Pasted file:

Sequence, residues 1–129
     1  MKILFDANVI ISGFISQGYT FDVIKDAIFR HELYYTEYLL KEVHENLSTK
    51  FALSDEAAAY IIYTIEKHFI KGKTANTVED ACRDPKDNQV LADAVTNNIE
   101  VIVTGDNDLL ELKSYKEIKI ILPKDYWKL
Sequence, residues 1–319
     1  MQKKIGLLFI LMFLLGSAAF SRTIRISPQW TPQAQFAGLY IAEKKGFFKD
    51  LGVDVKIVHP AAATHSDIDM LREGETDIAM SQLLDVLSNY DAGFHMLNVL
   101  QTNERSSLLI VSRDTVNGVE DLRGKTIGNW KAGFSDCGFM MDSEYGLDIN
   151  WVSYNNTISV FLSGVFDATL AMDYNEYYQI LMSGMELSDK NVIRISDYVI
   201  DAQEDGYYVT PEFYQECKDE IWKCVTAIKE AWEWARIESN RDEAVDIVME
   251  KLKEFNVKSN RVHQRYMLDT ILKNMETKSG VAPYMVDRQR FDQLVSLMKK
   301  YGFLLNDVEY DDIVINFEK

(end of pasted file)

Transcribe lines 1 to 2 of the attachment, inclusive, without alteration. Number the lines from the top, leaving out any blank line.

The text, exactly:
Sequence, residues 1–129
     1  MKILFDANVI ISGFISQGYT FDVIKDAIFR HELYYTEYLL KEVHENLSTK